Impressive performance, compression and comfort, but lacking one vital feature for female endurance cyclists
High-performance chamois for all riding positions
Feels like a second skin
Hardy and durable fabric
Moisture-wicking and breathable
Two inseam length options
No mechanism for nature breaks
Can be a real struggle to put on at first
Chamois feels a little bulky
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Machines For Freedom is an LA-based women’s brand formed by Jenn Kriske in 2014, which has been challenging body image standards in cycling. All of its kit is available in inclusive sizes, going up to 3XL, while an array of plus-size models from various racial identities feature prominently in its marketing.
The Endurance Bib is exactly what it sounds like: a bib short designed for long-distance riding, so that’s what we subjected it to in spades throughout the testing period. We took these bib shorts out on all manner of rides, from road and gravel to mountain biking, covering distances from 50km to over 100km at a time, over multi-day rides, in mostly dry weather that oscillated between warm and chilly. Here’s how they stood up against the best women’s cycling shorts.
- Women’s cycling: An ever-growing hub of tech, reviews and buying advice
- Plus-size cycling clothing: where to find it and what to look for
Design and aesthetics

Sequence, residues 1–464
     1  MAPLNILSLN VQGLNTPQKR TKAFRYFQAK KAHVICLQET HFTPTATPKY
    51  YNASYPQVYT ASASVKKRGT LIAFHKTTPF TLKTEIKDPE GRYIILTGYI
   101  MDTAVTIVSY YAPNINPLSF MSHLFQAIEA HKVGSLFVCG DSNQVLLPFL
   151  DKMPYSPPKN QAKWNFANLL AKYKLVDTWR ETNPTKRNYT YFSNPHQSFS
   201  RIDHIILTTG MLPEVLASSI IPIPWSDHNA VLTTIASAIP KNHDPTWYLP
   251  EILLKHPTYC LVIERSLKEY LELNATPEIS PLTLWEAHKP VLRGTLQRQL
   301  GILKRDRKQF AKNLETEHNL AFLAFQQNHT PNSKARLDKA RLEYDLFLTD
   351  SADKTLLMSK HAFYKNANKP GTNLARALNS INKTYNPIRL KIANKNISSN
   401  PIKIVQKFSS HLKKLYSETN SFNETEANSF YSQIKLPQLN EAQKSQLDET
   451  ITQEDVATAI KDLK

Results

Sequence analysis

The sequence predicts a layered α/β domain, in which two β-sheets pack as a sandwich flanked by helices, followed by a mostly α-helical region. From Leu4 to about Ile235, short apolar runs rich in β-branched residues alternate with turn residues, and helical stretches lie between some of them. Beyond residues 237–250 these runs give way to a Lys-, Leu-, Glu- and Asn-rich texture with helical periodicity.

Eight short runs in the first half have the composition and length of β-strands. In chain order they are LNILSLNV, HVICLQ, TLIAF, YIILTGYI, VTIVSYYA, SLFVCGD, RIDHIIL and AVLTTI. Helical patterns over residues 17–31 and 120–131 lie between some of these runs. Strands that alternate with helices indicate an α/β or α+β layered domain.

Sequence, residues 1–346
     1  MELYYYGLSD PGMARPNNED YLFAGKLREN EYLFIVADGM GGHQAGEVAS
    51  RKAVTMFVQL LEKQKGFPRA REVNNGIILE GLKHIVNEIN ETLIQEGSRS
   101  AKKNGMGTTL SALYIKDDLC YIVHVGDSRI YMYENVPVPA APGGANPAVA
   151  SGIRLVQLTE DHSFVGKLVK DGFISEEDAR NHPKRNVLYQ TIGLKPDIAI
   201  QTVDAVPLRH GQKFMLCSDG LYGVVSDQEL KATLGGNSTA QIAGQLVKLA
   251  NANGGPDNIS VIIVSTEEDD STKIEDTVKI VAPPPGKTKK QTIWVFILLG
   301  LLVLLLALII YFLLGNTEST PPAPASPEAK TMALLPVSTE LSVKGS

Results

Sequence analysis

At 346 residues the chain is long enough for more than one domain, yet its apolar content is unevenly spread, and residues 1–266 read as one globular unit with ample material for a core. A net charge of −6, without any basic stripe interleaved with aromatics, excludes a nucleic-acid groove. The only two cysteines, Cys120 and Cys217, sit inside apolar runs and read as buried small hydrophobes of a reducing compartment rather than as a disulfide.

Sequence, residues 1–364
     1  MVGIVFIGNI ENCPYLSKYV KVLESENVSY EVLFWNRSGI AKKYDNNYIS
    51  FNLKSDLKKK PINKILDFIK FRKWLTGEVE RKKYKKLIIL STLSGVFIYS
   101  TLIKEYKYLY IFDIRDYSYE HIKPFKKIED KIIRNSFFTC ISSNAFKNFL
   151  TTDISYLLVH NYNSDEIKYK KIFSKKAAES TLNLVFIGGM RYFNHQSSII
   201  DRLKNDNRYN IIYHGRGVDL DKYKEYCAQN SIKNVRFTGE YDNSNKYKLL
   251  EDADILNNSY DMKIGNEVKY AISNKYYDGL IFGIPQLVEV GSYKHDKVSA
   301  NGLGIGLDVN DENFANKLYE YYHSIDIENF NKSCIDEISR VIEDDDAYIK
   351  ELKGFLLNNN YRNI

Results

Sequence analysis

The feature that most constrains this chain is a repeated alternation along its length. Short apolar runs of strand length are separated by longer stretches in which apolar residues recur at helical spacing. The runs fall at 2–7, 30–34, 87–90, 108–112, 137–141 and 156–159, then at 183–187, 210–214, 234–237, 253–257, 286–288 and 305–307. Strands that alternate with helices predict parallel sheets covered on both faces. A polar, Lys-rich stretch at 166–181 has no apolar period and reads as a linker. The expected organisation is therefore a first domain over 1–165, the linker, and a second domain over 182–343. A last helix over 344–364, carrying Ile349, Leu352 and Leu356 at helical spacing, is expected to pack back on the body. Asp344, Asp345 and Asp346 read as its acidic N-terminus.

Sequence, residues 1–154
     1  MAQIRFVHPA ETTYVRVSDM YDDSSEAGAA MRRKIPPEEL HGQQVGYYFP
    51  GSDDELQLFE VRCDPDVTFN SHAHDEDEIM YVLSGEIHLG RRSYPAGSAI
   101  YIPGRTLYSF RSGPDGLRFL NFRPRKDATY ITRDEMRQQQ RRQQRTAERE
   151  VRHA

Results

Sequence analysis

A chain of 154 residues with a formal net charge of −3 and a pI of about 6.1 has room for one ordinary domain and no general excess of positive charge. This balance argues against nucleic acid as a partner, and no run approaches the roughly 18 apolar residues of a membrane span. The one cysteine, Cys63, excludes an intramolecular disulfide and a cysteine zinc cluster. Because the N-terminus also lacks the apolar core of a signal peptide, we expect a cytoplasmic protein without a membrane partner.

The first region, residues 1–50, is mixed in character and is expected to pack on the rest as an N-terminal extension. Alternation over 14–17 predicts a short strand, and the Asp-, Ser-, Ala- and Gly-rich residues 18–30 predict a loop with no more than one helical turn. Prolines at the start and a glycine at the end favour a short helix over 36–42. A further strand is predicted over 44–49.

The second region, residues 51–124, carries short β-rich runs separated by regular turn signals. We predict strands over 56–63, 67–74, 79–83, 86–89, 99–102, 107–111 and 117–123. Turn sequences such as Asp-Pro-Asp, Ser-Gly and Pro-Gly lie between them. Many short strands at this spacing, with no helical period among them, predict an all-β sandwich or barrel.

The clue is in the name; Machines For Freedom Endurance Bibs are bib shorts designed for long-distance cyclists who spend hours (and days) on end in the saddle. This is reflected predominantly in the chamois design and the compression fit.
When discussing sizing and fit, the brand often compares its wares to Spanx — shapewear designed to be worn under the clothes to smooth out curves and present a slimmer profile — which may be off-putting for some, but there’s good reason behind it. The first time you put on a pair of Machines For Freedom Endurance Bib shorts (or any of its kit, for that matter), it feels like a struggle. There’s a lot of hopping, wriggling and dancing involved to get them into place, but once they’re on, they’re staying put. The comparison with Spanx ends there: shapewear is overtly marketed towards women wanting to change the appearance of their bodies, whereas Machines For Freedom’s cycling kit is there to support bodies of all shapes and sizes in doing what they do best.
This snug fit offers a decent amount of compression in the places that need it most: the quads, glutes and hamstrings. While these muscle groups are working hard to keep your pedals spinning for hours on end, the compressive fit stimulates blood flow to prevent muscle fatigue and promote recovery.
What’s more, you won’t have to dance your way into the bib shorts every single time you use them. After the first few uses, this starts to wane as the bibs stretch and conform to your body, eventually creating what feels like a second skin. This enables the shorts to move in sync with your body without there being any kind of slack in the fabric that rubs or chafes.
For anyone who suffers from saddle sores and labial discomfort after spending hours on the bike, some of the best advice is to wear the smallest size shorts you can get away with, to prevent the chamois from shifting about and chafing. This is exactly what Machines For Freedom’s compressive fit seeks to achieve.